(Murray): It is hard enough to detect such malicious code, much less remove it without breaking something. However, one can only wish them well. As computers get smarter and cheaper, this application may well be efficient. ]

Malware Cleanup Tools Can Miss Files (December 10, 2013)

The ZeroAccess botnet has been spreading by catching a ride onto computers during the Adobe Flash download process. The malware slides in under the radar and remains undetected by antivirus programs. The ZeroAccess infection vector is just one example of malicious files that can go undetected. Many malware cleanup tools miss files that appear to be legitimate but are in fact infected. Anti-malware programs generally do not include signatures for files malware creates once it has infected a computer.

[Editor's Note (Ullrich): The actual news headline should read: Yes, there are still some people who expect anti-malware to find current relevant threats. ]

Microsoft and Adobe Issue Security Updates (December 10 & 11, 2013)

Microsoft has released 11 Security Bulletins to address at least two dozen flaws in its products. Five of the bulletins address critical flaws, two of which are being actively exploited. Adobe has issued security updates for its Flash and Shockwave Players. One of the vulnerabilities already has seen an exploit released. It tries to get users to open a Microsoft Word document that contains malicious Flash content. The patched Flash vulnerabilities have also been patched for Adobe AIR.


[Editor's Note (Pescatore): I'm going to end 2013 on a "glass half full" note and assume Microsoft and Adobe are pushing all these reboot-causing updates into December so that 2014 end of year vulnerability statistics will show a dramatic *decrease* over 2013's depressing statistics. ]

Firefox 26 Blocks Java by Default (December 10, 2013)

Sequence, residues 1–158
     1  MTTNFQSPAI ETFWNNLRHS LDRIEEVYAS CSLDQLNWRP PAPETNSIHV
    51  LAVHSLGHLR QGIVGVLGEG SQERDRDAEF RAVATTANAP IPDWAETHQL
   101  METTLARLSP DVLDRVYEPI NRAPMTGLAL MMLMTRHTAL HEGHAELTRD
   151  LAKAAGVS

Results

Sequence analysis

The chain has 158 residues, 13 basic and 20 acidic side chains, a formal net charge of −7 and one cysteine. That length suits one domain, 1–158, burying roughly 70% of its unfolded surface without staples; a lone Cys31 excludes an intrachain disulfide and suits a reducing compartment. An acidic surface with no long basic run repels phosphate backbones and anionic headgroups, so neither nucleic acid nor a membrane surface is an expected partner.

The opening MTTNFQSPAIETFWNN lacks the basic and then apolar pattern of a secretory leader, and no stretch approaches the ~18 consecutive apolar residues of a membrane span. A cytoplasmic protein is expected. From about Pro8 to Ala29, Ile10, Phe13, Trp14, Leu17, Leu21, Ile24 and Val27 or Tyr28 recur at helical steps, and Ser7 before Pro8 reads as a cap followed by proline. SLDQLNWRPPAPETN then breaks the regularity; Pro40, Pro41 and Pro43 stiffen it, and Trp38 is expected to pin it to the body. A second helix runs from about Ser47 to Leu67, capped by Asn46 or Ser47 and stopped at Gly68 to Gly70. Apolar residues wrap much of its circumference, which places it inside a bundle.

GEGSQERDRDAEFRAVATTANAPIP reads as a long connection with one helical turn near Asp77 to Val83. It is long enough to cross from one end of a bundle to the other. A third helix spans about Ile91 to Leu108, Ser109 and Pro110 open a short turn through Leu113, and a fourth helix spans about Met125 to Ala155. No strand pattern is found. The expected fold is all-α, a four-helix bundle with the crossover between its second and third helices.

Mozilla has released Firefox 26. The newest version of the browser blocks Java by default on all websites; users will be see a dialog box asking if they would like to run Java. Users may choose to allow Java to run for the specific instances, or they can select "Allow and Remember," which will allow Java to run on the specified websites in the future without seeking permission.

[Editor's Note (Pescatore): I think it is time for this. May just lead to rampant click-through, but maybe it will lead to enough added friction to nudge more web sites away from Java use, which W3Techs says is down to less than 3% of websites now, and others show even lower figures.
(Murray): Those of us who have been using No Script understand the efficiency of this idea. ]

Lack of Details About October FDA Security Breach Frustrates Legislators (December 10, 2013)

US legislators are displeased with the Food and Drug Administration's (FDA's) lack of candor about an October security breach that exposed personally identifiable information of more than 12,000 people. The breach affected the users of the FDA's Biologic Product Deviation Reporting System, the Electronic Blood Establishment Registration System, and the Human Cell and Tissue Establishment Registration System. In a letter to the FDA, members of the House Committee on Energy and Commerce have asked the agency to provide information about the nature of the information stolen, the identification of contractors and subcontractors who knew of the breach, information about corrective action the agency has taken in the wake of the breach, and other details.
Text of the Letter to the FDA:


Facebook Phish Advertised via Direct Messages and Links to Tumblr

Browser Fingerprinting by Analyzing SSL Client Hello Messages

HashID: Identify hashing algorithms

The Editorial Board of SANS NewsBites

John Pescatore was Vice President at Gartner Inc. for fourteen years. He became a director of the SANS Institute in 2013. He has worked in computer and network security since 1978 including time at the NSA and the U.S. Secret Service.